This is a summary of what was said by UNHCR spokesperson Matthew Saltmarsh – to whom quoted text may be attributed – at today’s press briefing at the Palais des Nations in Geneva.
UNHCR, the UN Refugee Agency, is mobilizing resources and staff to scale up its assistance in Pakistan to support local communities and refugees in areas devastated by the catastrophic floods.
Our staff in the country report that the scale of the devastation that people face is unimaginable. Many are living under the open skies, waiting for help as the local authorities and the humanitarian community rush to reach more people. Others are cramming into relief camps or staying with hosts.
Some 33 million people have been affected by the weeks-long torrential monsoon rains and flooding in vast areas that have killed more than 1,100 people, injuring nearly 1,600 and bringing devastation not seen in decades.
Working with Pakistan’s disaster management authorities, UNHCR is quickly releasing thousands of tents, as well as blankets, plastic sheets, buckets and other household items in the badly affected Khyber Pakhtunkwa and Balochistan provinces, where we have distributed 10,000 tents and other aid items. Relief is also being rushed to flood hit areas in southern Sindh province. We plan to assist some 50,000 households in the worst affected areas with over a million relief items.
Nearly 300,000 houses have been completely destroyed and more than 650,000 have been damaged by rains and floods. Livelihoods have been decimated as crops have been devastated — 2 million acres have been adversely impacted – and some 735,000 livestock have perished. The monsoon rains and glacial melt have also damaged communications infrastructure and road networks.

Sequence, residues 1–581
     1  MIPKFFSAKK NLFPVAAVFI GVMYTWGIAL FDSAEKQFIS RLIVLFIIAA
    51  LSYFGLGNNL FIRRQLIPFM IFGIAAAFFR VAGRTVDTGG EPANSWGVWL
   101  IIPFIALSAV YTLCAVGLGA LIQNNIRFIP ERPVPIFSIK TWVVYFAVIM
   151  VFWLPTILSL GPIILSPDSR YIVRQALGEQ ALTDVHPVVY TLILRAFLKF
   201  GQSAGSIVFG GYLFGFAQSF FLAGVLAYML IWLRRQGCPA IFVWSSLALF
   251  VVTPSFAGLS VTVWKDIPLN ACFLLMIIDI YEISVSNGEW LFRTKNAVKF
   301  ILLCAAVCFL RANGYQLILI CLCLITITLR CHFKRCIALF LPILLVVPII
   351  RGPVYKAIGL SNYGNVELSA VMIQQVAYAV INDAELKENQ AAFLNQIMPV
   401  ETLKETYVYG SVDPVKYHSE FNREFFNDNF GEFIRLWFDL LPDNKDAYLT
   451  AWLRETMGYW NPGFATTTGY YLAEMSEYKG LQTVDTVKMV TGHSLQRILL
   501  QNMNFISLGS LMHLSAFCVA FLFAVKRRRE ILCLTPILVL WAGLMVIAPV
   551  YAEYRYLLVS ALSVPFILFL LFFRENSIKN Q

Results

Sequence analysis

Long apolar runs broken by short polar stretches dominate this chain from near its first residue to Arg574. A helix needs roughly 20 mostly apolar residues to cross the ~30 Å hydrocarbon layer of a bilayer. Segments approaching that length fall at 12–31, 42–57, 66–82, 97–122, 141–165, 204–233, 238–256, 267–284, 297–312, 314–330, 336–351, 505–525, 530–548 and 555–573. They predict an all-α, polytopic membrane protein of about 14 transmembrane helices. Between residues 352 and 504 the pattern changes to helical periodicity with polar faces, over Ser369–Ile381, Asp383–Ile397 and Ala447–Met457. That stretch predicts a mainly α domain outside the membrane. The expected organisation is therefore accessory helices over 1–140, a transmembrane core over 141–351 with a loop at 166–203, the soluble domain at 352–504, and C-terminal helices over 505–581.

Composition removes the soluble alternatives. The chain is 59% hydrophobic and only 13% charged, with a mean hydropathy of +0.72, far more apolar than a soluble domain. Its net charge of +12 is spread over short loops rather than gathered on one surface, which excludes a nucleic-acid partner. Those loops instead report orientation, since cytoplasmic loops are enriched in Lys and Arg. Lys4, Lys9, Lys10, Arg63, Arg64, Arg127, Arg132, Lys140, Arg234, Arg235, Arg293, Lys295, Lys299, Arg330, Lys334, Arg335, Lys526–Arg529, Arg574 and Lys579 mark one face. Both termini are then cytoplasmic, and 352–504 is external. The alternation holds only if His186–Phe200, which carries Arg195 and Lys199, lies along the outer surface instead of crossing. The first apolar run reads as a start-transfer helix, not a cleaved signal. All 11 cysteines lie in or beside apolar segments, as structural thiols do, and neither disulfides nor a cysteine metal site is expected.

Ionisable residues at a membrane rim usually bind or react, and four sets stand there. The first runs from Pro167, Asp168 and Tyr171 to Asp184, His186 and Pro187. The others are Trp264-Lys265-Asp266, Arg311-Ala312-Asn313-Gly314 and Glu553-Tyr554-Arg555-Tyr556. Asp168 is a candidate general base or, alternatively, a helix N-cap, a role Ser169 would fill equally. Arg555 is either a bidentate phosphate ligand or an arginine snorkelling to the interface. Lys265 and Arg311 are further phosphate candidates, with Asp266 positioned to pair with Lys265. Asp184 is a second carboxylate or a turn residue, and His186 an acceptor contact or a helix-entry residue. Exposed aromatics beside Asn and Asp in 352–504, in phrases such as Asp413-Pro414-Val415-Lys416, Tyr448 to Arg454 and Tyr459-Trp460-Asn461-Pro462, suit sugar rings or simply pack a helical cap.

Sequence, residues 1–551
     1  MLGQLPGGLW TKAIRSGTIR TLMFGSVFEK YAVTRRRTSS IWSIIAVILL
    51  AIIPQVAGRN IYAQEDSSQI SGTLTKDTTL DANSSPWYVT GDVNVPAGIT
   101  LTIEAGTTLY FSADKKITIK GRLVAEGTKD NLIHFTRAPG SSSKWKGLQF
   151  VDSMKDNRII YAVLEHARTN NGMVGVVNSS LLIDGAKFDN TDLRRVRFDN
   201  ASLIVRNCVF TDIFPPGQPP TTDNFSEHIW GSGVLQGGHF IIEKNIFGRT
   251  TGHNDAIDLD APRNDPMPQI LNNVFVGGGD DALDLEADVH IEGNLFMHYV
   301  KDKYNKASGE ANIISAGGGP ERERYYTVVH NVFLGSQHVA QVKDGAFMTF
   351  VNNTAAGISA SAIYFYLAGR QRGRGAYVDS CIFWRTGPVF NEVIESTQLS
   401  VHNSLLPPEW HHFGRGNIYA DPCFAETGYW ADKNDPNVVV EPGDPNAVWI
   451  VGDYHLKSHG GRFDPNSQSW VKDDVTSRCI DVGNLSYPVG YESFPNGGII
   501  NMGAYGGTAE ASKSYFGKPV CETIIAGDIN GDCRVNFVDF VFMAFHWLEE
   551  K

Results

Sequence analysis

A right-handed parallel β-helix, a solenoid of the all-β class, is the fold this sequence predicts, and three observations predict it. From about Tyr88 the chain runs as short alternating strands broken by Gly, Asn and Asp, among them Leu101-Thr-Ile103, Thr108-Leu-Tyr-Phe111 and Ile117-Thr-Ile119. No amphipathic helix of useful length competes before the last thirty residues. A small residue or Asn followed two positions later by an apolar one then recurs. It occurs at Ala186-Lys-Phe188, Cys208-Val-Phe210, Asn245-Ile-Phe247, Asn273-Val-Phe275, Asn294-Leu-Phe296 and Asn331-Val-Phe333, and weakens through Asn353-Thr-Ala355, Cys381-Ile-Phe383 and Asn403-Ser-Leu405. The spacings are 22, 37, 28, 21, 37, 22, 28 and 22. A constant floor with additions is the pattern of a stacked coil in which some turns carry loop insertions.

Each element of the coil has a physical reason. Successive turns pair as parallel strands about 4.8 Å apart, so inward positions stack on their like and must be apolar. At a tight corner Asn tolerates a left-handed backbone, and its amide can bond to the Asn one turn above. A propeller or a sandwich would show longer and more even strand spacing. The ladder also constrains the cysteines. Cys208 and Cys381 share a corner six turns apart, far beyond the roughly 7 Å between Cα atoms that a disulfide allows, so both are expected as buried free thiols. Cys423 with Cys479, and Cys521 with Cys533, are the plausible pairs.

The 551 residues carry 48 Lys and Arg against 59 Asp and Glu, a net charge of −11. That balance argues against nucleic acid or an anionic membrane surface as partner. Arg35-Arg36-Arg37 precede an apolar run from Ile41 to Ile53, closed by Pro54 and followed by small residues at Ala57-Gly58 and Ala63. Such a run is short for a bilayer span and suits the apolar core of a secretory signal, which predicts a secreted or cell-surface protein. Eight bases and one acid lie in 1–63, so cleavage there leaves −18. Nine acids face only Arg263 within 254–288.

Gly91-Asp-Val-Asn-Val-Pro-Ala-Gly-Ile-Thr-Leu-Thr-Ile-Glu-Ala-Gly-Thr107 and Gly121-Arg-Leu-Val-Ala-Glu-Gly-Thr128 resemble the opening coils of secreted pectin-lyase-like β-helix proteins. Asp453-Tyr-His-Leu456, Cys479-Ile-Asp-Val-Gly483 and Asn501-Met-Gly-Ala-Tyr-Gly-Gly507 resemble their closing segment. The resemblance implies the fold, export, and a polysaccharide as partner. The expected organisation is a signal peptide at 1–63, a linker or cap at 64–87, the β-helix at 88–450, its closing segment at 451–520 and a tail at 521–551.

Affected people told UNHCR staff about their traumatic and scarring experiences as rain and flood waters swept away their possessions in minutes. Those who could, rushed to safety on higher ground without being able to rescue belongings.
Shelter, clean drinking water and food are among the most urgently needed items in the aftermath of the floods.
As part of UN humanitarian efforts, UNHCR has been conducting rapid needs assessments, which are led by the Government with UN support. We are mobilizing female national staff to ensure there is support for women and children among the flood affected populations.
Pakistan and its people have hosted millions of Afghan refugees for over four decades, with some 1.3 million currently registered in the country. UNHCR’s assistance is a sign of solidarity with the country and its people. More than 420,000 Afghan refugees live side by side with their generous host communities in the worst affected areas in Pakistan, including in the provinces of Sindh, Balochistan and Khyber Pakhtunkwa.
While deploying our existing stocks in the country, originally meant for our Afghan refugee and host community operations, we are also moving further relief items from the regional stockpiles in Termez, Uzbekistan and looking at other options. Relief items are being provided to Pakistan’s disaster management authorities for coordinated distribution.
Although the outcome of Tuesday’s funding appeal was very encouraging, much more needs to be done to help Pakistan to overcome this catastrophe.
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